It's always very lonely when you're making short films and you're starting out. I just got a big break. In 2016, the short film Thunder Road won the Grand Jury Prize at Sundance. I'd never been to Sundance before, I didn't know anybody that had ever gotten there. We were very lucky, lightning struck me. So then the Thunder Road feature was very successful, it was an international success. Then we got to do our werewolf film, The Wolf of Snow Hollow. I'm just very casually continuing to make movies and running Kickstarter campaigns, as Hollywood and Marvel aren't knocking on our doors.
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How do you think the attention received that year at the 2018 SXSW Film Festival, Sundance and the likes affected your career as a director?
With Thunder Road winning Sundance it became immune from criticism. It's a bit like, The Emperor's New Clothes: the movie is not perfect by any means, it's a really good short film but because it won Sundance, nobody could say, oh, there are problems with it. Everybody was like, oh it's a masterpiece. I think that kind of protected us for a minute. Before we started making features, these people really knew what they were doing. We did not (laughs), but when we were trying to make bigger movies, Hollywood didn't care about short films. The people who did care were the Internet. It was people who had seen the film on Vimeo. Hollywood never gave us one dollar to make our movies, but the public did, the audience really wanted to support our work. It didn't help us in our careers but it helped us with our ability to bring ourselves up with the people around us rather than waiting for someone to give us a lot of money.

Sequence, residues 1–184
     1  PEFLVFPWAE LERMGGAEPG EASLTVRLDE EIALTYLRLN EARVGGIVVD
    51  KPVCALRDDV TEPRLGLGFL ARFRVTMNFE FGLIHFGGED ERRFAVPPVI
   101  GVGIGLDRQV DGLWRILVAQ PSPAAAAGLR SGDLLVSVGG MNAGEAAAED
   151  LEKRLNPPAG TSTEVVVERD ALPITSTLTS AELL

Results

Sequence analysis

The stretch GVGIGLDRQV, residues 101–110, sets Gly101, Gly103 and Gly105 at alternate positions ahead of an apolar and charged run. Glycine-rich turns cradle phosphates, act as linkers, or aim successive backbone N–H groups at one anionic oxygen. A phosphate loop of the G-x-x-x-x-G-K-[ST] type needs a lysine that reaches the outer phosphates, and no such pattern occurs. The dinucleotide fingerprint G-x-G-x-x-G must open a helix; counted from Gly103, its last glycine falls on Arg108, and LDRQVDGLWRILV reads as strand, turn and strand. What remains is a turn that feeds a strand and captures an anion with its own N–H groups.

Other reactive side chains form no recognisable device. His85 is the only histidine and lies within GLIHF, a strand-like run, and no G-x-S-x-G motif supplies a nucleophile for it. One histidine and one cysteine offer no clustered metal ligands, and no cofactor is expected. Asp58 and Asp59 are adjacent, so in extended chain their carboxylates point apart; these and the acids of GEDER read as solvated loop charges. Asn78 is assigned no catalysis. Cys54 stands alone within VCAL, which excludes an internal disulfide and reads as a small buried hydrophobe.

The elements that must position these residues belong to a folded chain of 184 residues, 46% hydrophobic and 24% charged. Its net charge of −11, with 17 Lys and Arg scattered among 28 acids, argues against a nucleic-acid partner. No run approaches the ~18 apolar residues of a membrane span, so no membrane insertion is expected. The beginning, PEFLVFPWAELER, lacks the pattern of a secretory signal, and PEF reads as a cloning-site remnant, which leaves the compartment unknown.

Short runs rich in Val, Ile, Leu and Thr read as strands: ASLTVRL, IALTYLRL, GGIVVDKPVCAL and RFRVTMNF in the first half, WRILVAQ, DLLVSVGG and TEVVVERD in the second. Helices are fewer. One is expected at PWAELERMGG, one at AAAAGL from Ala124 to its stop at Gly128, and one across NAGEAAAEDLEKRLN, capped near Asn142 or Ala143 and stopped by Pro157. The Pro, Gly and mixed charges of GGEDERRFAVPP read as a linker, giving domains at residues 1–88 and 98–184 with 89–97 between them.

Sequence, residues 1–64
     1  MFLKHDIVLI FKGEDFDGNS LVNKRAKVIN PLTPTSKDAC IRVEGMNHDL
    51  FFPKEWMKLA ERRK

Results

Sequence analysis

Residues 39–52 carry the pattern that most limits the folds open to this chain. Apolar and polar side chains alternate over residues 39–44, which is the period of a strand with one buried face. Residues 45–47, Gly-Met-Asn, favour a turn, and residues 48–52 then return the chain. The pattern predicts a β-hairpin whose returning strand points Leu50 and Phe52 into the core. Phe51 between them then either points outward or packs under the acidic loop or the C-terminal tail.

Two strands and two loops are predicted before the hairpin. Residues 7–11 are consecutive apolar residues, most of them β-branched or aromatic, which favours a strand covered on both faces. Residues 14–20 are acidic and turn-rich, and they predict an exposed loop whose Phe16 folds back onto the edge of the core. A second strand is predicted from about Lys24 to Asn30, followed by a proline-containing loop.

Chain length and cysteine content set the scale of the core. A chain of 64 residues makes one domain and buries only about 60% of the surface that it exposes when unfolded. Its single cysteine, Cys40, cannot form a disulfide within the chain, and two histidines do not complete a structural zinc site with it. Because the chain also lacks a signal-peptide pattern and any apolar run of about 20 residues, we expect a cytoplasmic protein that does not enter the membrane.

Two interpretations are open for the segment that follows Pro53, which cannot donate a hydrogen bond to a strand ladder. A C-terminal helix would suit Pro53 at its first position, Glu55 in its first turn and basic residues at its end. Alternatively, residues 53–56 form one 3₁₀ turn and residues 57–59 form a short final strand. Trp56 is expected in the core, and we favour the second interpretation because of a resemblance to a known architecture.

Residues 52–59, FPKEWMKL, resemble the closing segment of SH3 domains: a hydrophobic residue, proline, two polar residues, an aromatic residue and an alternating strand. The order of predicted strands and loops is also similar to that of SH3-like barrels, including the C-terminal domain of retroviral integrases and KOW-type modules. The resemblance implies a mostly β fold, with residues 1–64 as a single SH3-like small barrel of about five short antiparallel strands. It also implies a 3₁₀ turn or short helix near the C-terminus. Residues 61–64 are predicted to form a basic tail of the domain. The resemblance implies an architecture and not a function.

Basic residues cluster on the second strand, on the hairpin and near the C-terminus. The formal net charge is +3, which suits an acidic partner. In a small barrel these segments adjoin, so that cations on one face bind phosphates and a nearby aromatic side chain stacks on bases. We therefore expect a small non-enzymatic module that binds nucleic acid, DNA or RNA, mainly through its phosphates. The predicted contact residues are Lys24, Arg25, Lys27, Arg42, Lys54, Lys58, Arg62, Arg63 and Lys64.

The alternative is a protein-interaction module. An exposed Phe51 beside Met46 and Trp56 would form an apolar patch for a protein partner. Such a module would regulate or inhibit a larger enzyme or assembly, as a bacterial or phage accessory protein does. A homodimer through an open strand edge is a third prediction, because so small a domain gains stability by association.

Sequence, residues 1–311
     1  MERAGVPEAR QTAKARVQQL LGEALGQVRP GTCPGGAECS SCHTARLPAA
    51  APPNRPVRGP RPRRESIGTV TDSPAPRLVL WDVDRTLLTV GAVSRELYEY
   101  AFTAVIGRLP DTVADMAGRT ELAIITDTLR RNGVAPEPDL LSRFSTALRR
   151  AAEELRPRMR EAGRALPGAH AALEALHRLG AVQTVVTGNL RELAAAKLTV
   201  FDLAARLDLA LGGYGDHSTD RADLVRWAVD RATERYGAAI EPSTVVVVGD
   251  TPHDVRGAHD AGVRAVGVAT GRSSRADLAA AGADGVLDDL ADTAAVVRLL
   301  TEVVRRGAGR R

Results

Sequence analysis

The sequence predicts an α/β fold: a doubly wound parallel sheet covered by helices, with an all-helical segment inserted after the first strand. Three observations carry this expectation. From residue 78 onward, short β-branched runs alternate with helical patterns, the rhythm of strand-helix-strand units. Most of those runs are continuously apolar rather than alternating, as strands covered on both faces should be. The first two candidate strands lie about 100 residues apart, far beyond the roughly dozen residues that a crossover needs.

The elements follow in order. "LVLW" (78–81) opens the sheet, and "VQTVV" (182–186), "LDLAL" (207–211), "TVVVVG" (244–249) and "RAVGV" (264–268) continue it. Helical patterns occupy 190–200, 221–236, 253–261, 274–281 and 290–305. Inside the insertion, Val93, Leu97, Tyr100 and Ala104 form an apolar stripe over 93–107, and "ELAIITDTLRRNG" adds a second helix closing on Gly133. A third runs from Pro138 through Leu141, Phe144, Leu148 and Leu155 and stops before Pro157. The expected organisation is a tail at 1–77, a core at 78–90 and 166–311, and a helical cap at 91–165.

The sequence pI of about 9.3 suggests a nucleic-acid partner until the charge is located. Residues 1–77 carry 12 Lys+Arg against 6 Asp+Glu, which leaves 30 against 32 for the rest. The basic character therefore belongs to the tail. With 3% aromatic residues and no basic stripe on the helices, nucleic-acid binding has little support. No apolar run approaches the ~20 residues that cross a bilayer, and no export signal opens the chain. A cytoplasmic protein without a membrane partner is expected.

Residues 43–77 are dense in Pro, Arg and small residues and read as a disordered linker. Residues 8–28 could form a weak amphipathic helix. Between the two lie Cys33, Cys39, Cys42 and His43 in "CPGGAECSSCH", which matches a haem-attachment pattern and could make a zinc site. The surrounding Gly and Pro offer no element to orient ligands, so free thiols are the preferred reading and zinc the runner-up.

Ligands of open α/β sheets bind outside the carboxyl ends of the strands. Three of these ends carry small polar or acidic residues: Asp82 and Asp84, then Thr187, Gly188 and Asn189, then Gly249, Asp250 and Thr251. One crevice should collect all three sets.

I would love to talk about your most recent feature film The Beta Test. How did the idea about it evolve and what is the inspiration behind it?
I had the original idea for the letter service of connecting people anonymously for adultery, and I called PJ in a grocery store, and I was like: what would you do if you got this letter in the mail that would totally derail your life? Like a Michael Haneke film, it felt like Caché (2005) or something like that. And PJ was like: I don't know, I'm with my mom, and it became this long conversation of what would happen next. Would we do it? And we both said no. But then we wondered, is there somebody who would do that?